Sunday, November 21, 2010

Yadavas of Devgiri

Yadavas of Devagiri -The predecessors of Yadavas of Devagiri, who Devagiri. ruled over Khandesh, Nasik and Ahmadnagar Districts, were the vassals of the Rashtrakutas of Manyakheta and the Chalukyas of Kalyani for a period of over three hundred years. Drdhaprahara, the founder of the family hailing from Dhvaravatipura or modern Dvaraka in Kathiawar, flourished in the first half of the 9th century A.D. and had Chandradityapura or modern Chandor in Nasik district as his capital. His son Seunachandra I founded a city called Seunapura and also gave the name Seun-desa to the country on the confines of Dandaka and included Devagiri, modern Daulatabad, in the Aurangabad district. Inscriptions of the successors of Seunachandra style themselves as Seunas. Kama, one of the remote successors of this Seunachandra I had as son Bhillama V who was the first independent king of the race.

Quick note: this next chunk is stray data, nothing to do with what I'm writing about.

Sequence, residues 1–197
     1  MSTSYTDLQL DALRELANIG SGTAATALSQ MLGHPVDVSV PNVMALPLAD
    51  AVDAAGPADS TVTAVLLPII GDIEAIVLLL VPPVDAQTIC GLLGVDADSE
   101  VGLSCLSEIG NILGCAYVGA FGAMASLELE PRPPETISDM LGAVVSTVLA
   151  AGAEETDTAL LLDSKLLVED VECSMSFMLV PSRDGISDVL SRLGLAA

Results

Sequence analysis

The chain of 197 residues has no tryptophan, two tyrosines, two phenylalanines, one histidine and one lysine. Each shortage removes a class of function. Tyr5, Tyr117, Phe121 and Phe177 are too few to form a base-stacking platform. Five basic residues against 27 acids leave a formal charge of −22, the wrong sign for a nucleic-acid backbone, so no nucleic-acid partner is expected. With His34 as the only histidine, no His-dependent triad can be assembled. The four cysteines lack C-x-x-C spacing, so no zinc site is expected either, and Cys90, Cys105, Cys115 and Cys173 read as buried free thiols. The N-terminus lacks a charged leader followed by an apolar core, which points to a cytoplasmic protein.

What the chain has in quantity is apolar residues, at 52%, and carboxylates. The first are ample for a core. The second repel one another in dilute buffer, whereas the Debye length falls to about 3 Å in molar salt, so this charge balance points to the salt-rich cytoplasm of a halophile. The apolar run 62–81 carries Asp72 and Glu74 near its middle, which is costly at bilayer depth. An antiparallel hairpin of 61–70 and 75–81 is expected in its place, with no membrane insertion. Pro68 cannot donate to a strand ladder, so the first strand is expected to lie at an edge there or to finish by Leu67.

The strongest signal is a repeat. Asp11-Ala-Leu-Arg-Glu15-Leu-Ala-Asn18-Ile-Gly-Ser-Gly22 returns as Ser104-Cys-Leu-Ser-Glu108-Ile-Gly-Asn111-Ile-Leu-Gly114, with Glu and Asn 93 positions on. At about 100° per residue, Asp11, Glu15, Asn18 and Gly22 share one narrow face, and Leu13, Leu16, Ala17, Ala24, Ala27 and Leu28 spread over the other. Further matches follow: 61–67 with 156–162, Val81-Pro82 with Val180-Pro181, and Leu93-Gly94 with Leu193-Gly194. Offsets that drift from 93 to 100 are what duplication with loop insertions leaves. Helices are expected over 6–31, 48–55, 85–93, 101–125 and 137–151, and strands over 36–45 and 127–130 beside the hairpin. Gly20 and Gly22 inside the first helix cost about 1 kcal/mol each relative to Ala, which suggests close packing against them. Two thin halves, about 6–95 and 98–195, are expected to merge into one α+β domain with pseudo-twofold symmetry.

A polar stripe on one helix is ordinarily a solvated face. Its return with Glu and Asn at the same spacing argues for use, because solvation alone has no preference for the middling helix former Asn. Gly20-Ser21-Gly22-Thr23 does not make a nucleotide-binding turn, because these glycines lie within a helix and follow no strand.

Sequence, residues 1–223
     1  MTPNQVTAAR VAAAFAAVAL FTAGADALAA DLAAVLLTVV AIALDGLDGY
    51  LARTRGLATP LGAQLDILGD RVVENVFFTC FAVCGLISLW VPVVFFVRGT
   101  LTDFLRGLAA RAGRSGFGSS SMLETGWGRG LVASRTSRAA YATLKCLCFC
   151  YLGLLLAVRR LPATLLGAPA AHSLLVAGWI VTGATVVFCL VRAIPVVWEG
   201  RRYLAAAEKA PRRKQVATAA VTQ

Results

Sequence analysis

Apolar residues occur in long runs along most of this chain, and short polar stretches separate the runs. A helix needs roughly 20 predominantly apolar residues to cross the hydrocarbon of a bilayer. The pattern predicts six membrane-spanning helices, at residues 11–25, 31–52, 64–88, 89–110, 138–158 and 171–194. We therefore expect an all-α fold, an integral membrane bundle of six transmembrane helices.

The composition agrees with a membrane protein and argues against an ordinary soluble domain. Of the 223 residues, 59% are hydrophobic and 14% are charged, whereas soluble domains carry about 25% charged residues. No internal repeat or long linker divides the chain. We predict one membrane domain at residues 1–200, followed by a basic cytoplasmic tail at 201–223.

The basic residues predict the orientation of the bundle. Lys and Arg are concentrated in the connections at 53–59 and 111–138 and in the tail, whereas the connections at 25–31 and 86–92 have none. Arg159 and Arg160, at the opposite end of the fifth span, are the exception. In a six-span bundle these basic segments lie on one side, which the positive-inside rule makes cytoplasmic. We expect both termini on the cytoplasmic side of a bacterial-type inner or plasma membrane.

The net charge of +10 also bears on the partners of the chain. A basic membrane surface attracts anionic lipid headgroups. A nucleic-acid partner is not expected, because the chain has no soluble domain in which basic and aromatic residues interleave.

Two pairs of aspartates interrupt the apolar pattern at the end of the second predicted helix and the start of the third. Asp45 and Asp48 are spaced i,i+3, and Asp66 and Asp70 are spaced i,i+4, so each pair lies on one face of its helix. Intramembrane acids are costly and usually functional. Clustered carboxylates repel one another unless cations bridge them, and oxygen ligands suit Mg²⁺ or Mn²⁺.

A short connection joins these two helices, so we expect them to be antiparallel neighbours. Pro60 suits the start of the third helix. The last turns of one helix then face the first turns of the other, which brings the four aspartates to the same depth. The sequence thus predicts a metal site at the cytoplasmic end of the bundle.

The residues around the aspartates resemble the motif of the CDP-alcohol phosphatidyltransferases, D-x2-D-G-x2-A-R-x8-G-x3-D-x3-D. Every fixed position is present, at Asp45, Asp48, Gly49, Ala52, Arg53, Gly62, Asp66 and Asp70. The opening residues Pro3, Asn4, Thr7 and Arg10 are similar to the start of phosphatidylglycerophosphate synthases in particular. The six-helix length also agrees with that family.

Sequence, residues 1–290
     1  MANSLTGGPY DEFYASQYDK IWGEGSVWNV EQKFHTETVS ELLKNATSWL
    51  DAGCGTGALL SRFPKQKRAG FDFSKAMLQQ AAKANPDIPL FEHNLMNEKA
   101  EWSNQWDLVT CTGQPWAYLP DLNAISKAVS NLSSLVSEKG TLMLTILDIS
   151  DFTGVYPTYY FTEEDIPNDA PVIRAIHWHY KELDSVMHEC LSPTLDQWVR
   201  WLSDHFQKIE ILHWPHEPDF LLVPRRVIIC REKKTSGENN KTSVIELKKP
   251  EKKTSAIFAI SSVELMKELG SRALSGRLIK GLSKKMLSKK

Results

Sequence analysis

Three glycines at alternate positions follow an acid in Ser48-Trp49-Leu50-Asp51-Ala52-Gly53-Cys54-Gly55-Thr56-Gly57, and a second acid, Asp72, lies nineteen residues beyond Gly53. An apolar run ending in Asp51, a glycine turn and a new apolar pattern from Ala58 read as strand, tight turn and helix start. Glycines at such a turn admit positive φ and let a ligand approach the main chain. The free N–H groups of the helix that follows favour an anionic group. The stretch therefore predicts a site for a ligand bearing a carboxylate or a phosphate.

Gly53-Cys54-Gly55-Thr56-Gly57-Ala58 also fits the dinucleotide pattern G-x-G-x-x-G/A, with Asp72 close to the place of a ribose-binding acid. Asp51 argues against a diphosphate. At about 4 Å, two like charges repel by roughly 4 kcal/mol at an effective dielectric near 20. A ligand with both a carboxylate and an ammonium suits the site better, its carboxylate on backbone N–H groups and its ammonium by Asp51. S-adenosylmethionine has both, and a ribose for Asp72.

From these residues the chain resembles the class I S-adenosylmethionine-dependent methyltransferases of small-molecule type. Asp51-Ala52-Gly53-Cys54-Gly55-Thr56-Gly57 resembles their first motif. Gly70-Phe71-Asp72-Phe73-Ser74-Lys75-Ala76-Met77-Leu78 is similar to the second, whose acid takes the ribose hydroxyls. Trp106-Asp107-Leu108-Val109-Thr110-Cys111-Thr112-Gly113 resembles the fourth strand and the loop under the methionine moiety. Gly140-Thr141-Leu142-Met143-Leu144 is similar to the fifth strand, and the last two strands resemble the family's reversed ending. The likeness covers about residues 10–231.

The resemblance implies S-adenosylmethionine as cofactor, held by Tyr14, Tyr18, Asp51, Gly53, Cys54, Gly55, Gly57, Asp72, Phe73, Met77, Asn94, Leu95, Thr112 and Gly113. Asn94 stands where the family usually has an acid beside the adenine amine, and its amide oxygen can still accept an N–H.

Bhillama ascended the throne in 1185 A.D. This was the time of a great upheaval in the Deccan. Failure of Chalukya Someshvara IV in consolidating his power, emboldened him in bidding for a paramount power in the Deccan. With the help of his able generals, he wrested power and territories from Someshvara IV including Kalyarm in 1189 A.D. Inscriptions of 'Bhillama's reign refer to his supermacy over Belvola, Tardavadi and Madagihar in the old Jath State. The statement of the Mutgi inscription that he secured victories over the Kalnigas, Gaudas, Vashigas, Arigas, Napalas and the Panehalas seems to be very extravagant. According to Hemadri, Bhillama founded the city of Devagiri and probably made it his capital. The earliest mention of Devagiri as the capital of Seunas is found in an inscription of Jaitugi or Jartrapala, son of Bhillama in 1196 A.D. Inscriptional evidence reveals that Bhillama associated with him his son in the Government from A.D. 1191 and died shortly after 1193 A.D. During the closing years of his reign he had to fight with Ballala II of Hoyasalas with no success. Jaitugi also failed to dislodge Ballala II from his position. Nevertheless the kingdom of Seunas during Jaitugi's reign extended upto the confluence of Krshna and Tungabhadra bringing Seunas near Kakatiyas who were also defeated by jaitugi. Jaitugi ruled up to 1210 (1191 to 1210) A.D. and was succeeded by his son Singhana about the year 1210 (1210-1247 A.D.).